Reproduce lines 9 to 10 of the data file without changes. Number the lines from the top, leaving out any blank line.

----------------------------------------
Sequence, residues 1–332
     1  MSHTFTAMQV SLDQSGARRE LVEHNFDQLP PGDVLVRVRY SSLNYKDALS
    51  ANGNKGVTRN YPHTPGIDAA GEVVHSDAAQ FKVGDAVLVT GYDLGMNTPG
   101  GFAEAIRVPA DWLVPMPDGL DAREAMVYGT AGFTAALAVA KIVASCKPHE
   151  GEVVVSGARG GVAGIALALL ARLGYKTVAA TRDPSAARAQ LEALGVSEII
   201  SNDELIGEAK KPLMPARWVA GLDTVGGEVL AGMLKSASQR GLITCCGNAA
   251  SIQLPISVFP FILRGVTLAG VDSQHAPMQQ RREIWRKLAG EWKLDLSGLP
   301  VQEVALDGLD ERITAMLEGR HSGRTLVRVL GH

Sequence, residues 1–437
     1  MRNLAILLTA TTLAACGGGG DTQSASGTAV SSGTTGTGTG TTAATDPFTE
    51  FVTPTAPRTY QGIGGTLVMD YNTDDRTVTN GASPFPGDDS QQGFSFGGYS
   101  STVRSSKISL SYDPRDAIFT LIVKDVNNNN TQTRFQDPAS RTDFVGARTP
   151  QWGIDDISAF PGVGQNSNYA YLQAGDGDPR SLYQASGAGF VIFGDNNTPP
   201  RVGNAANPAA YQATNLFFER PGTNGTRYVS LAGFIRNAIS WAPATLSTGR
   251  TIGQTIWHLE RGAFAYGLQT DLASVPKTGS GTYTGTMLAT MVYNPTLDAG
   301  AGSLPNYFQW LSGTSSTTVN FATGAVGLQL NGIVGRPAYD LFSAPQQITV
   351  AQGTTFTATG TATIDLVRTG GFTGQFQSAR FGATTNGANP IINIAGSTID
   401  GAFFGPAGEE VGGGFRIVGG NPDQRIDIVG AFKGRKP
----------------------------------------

Sequence, residues 1–437
     1  MRNLAILLTA TTLAACGGGG DTQSASGTAV SSGTTGTGTG TTAATDPFTE